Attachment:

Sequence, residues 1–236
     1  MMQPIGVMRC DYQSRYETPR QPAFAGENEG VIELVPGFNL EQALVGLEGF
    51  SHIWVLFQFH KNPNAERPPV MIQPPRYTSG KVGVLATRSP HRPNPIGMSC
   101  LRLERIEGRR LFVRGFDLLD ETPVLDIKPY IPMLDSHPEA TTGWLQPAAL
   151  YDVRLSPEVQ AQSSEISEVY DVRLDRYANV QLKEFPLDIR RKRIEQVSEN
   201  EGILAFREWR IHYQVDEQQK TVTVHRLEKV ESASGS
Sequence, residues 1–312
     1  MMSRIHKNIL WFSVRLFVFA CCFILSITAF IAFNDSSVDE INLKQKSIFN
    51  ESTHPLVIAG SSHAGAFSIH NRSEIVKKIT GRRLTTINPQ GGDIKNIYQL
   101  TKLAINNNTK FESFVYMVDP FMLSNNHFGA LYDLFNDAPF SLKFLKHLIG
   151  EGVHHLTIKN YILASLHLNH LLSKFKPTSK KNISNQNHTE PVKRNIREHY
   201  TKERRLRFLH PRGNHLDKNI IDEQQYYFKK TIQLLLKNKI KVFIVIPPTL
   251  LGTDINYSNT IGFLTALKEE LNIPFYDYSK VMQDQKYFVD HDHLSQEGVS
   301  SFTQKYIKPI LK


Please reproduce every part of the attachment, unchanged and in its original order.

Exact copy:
Sequence, residues 1–236
     1  MMQPIGVMRC DYQSRYETPR QPAFAGENEG VIELVPGFNL EQALVGLEGF
    51  SHIWVLFQFH KNPNAERPPV MIQPPRYTSG KVGVLATRSP HRPNPIGMSC
   101  LRLERIEGRR LFVRGFDLLD ETPVLDIKPY IPMLDSHPEA TTGWLQPAAL
   151  YDVRLSPEVQ AQSSEISEVY DVRLDRYANV QLKEFPLDIR RKRIEQVSEN
   201  EGILAFREWR IHYQVDEQQK TVTVHRLEKV ESASGS
Sequence, residues 1–312
     1  MMSRIHKNIL WFSVRLFVFA CCFILSITAF IAFNDSSVDE INLKQKSIFN
    51  ESTHPLVIAG SSHAGAFSIH NRSEIVKKIT GRRLTTINPQ GGDIKNIYQL
   101  TKLAINNNTK FESFVYMVDP FMLSNNHFGA LYDLFNDAPF SLKFLKHLIG
   151  EGVHHLTIKN YILASLHLNH LLSKFKPTSK KNISNQNHTE PVKRNIREHY
   201  TKERRLRFLH PRGNHLDKNI IDEQQYYFKK TIQLLLKNKI KVFIVIPPTL
   251  LGTDINYSNT IGFLTALKEE LNIPFYDYSK VMQDQKYFVD HDHLSQEGVS
   301  SFTQKYIKPI LK